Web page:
When to “Use the Force” and when to “Let it Go”.
Posted on February 21, 2018
I am one of those writers who gets so caught up in trying to focus on writing that I neglect all the other things I’m suppose to be doing to help promote said writing. One of those things is letting people know what I’m up to.
What I’ve been up to is trying to finish book three, Tomb of the Fallen, of my Soulstone Prophecy Series. It is all plotted out and rough drafted, now I’m going through the process of rewriting each chapter, or as I like to refer to it, writing up hill.
For me, rough drafting is like running down hill. You just need to keep your feet beneath you and let gravity do the rest. When I write like that, I am often surprised by what I find on the paper when I return to it later. It also keeps me away from those fearful words, writer’s block.
I’m not so lucky when I return to those pages and start rewriting (The going up hill part). I sometimes run into a chapter that is really hard to rewrite. I don’t know if it is what other writers experience when they say they are suffering from writer’s block, but it is the closest thing I have come to my understanding of it.
This is where the choice of “Using the Force” and just powering through the chapter, writing until reaching the end or just accepting that the chapter is difficult to write because it isn’t right and admitting it. That is my “Let it Go” approach. I am on one of those chapters now in Tomb of the Fallen and it is what resulted in me taking a break from the chapter and writing my thoughts on the matter this post.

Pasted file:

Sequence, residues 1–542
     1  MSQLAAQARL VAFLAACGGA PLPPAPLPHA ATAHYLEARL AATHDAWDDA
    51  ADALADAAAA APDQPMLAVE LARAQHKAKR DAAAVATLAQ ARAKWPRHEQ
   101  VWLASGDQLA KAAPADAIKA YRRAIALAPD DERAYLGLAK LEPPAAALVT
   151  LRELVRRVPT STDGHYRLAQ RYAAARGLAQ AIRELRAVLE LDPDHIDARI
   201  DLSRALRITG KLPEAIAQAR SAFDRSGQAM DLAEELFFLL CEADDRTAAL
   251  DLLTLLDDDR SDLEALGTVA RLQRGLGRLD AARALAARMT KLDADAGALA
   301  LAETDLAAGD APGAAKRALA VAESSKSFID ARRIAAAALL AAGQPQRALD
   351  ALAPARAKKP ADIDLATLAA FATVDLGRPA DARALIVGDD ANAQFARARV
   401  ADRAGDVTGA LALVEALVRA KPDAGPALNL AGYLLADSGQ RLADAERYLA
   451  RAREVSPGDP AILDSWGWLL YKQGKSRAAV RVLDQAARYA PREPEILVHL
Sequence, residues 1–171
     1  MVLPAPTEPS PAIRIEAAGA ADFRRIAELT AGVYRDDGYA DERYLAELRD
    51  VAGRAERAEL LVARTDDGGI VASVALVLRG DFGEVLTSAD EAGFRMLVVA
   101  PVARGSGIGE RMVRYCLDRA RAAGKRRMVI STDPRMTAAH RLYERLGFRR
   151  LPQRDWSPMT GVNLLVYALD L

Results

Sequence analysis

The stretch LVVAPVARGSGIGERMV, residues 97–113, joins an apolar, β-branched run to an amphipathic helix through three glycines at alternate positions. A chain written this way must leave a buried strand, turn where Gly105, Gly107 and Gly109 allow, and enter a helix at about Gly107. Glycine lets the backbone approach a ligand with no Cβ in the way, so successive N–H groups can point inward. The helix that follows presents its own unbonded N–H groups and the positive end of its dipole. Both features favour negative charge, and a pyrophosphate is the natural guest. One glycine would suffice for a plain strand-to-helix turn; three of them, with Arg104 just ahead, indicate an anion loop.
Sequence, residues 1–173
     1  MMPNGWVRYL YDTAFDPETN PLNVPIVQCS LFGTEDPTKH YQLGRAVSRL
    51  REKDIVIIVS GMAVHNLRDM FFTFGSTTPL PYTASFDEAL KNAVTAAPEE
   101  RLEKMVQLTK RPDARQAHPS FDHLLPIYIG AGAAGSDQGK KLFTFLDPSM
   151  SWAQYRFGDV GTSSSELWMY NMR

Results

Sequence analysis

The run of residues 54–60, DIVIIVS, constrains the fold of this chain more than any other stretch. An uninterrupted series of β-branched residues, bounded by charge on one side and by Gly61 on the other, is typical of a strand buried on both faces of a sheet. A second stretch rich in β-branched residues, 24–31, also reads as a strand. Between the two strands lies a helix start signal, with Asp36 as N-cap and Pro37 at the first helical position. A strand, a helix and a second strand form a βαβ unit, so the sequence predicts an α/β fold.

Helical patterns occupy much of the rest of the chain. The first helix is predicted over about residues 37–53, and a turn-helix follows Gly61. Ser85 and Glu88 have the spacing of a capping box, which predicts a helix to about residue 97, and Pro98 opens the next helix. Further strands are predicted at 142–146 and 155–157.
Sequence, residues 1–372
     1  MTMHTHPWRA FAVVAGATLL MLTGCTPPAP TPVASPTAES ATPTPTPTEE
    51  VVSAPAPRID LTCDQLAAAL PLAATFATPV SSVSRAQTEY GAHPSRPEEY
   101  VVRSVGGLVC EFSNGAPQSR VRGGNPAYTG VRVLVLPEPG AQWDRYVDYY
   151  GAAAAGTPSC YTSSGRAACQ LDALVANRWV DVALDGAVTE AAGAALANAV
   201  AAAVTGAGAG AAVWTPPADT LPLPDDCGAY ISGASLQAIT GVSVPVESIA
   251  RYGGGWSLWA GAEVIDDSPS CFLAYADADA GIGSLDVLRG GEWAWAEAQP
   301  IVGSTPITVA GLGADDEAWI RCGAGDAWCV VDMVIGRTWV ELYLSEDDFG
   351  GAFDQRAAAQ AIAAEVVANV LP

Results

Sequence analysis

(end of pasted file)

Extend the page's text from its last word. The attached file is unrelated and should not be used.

It is a chapter where the Lord Knight Justice Gyldoon is trying to force the Judges Council of Daomount to accept that the Time of the Stonechosen has indeed come and enact the law that turns leadership over to the Temple of Justice (him) during that time. It seemed simple enough when I rough drafted it. I knew I needed to show things from the dwarf perspective, do a little foreshadowing for some upcoming events, share the bureaucracy permeating dwarven government (world building), and close the reader/writer contract concerning Gyldoon.
Unfortunately, the chapter, as written, was resisting me sentence by sentence. Nothing was flowing and I found I was spending way more time on this one chapters than any three others combined. That is when I realized it was one of “those” chapters and I had to “Let it Go”. So, I did. I stepped back, and started over by asking myself what my point of view (POV) character was thinking and trying to accomplish in the first place.
That change of perspective was all I needed to open the creative flood gates. So, I’m back on track and another chapter closer to finishing book three.
Back to writing….